more generally applicable.
Examples of the URI scheme include:
4.1. Shared Parameters
In addition to the required particles, the "jms" URI scheme supports
the following shared parameters, which are available to all variants.
These parameters correspond to headers and properties on the JMS
Messages to be sent. For the parameters deliveryMode, timeToLive,
and priority, the default values might be specified in the context of
a specific use, for example by environment variables, or in the
configuration of a particular network application. JMS also defines
default values for these properties. The context default is hereby
defined as the default value in the context of a specific use, or the
JMS default for a particular property if the context does not define
Indicates whether the request message is persistent or not. This
property corresponds to the JMS message header field
"JMSDeliveryMode" defined in Section 3.4.2 of the JMS 1.1
specification [JMS]. The value of this parameter MUST be
"PERSISTENT" or "NON_PERSISTENT". If this parameter is not
specified, then the context default MUST be used.
The lifetime, in milliseconds, of the request message, specified as a
decimal number. This property corresponds to the JMS Time-To-Live
value defined in Section 4.8 of the JMS 1.1 specification. If this
parameter is not specified, then the context default MUST be used.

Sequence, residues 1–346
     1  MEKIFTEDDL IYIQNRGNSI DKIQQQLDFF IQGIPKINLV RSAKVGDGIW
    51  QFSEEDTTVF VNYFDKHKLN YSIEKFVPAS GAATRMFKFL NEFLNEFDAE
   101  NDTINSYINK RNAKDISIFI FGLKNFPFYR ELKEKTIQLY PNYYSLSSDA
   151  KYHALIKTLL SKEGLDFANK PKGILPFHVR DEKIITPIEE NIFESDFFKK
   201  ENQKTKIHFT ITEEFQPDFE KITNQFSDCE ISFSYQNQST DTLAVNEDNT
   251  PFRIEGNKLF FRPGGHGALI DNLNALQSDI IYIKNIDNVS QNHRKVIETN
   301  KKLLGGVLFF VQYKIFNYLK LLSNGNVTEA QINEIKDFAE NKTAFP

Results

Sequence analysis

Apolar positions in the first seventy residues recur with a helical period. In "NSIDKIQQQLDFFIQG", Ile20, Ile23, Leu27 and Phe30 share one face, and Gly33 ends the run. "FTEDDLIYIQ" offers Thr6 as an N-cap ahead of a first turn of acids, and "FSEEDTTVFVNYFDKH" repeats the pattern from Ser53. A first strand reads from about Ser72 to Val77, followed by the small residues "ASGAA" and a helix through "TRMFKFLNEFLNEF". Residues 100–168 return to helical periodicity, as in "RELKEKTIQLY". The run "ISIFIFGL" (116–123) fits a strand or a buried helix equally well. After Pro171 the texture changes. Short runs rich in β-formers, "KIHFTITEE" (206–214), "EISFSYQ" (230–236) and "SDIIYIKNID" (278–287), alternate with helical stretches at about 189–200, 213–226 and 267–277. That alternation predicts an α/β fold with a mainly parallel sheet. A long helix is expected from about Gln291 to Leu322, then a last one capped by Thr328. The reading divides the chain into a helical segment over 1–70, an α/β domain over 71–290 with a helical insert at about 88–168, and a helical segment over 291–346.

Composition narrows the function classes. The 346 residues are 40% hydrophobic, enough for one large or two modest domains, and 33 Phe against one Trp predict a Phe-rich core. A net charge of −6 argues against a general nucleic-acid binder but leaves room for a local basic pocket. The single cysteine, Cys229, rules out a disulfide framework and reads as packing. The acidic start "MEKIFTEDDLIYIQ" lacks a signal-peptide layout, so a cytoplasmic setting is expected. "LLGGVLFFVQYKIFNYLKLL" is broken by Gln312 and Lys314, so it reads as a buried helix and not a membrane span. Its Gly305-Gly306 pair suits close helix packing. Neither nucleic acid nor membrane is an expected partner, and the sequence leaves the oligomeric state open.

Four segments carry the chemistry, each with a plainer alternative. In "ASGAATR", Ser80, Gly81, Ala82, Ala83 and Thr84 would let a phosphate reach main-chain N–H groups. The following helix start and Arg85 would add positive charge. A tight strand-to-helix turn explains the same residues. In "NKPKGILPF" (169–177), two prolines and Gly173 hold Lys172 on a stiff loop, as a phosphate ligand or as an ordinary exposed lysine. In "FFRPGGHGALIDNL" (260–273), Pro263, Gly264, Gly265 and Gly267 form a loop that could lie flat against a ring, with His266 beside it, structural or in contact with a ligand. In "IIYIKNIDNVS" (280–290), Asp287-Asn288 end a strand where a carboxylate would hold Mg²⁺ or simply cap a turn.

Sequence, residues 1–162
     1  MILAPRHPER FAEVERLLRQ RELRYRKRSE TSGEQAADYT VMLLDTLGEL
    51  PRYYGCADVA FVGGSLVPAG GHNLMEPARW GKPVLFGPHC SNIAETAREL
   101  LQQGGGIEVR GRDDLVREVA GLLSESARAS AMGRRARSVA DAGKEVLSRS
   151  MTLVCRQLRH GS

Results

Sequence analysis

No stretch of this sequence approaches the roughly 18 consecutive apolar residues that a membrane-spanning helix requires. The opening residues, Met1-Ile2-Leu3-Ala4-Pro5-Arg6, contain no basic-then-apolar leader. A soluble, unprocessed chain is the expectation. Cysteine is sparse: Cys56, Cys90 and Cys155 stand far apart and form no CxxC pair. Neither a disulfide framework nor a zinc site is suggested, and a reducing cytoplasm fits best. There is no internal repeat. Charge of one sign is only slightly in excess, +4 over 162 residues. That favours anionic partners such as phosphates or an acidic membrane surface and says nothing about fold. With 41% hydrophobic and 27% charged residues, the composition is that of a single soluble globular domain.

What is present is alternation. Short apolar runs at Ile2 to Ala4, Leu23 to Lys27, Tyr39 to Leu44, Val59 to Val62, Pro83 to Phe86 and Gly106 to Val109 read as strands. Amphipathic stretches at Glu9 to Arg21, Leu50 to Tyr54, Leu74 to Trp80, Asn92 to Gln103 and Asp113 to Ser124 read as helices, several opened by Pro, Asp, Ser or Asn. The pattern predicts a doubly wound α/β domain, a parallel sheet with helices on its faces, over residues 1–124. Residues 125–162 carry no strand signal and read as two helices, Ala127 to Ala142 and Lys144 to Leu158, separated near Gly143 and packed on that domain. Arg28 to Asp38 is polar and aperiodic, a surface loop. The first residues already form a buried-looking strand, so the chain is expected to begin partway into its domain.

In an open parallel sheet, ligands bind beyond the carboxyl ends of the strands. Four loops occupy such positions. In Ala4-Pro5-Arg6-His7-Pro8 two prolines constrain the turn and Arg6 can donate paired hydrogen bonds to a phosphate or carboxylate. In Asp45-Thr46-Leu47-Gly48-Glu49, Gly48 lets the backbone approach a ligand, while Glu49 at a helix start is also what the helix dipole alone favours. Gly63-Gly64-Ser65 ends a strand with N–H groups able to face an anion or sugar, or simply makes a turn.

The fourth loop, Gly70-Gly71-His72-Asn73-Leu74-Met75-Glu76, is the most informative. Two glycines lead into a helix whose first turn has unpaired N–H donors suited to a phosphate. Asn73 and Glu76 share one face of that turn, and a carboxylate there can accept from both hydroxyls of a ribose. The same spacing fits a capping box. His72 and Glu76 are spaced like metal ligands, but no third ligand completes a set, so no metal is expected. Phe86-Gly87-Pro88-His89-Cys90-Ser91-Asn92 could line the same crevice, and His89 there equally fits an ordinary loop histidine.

The JMS priority associated with the request message. As per
Section 3.4.10 of the JMS 1.1 specification, this MUST be a value
between 0 and 9 inclusive, specified as a decimal number. This
corresponds to the JMS message header field "JMSPriority". If this
parameter is not specified, then the context default MUST be used.
This property corresponds to the JMS message header field
"JMSReplyTo" defined in Section 3.4.6 of the JMS 1.1 specification.
As interpreted by the particular variant, this property value
specifies the JMS Destination object to which a response message
ought to be sent.
4.2. "jndi" Variant
The "jndi" variant implies the use of JNDI for discovering the
Destination object. When this is specified as the variant, the
<jms-dest> portion of the syntax is the name for JNDI lookup
purposes. Additional JNDI-specific parameters can be specified. The
JNDI-specific parameters SHOULD only be processed when the URI
variant is "jndi".
4.2.1. JNDI Parameters
Specifies the JNDI name of the Java class (see Section 3.8,
"Identifiers", of [JLS] for the specification of a legal Java class
name) providing the connection factory.
Specifies the fully qualified Java class name of the
"InitialContextFactory" implementation class to use.
Specifies the JNDI provider URL, in a form consistent with
javax.naming.spi.NamingManager.getURLContext(String scheme, Hashtable
environment) as defined in the JNDI specification [JNDI].
18.104.22.168. Additional JNDI Parameters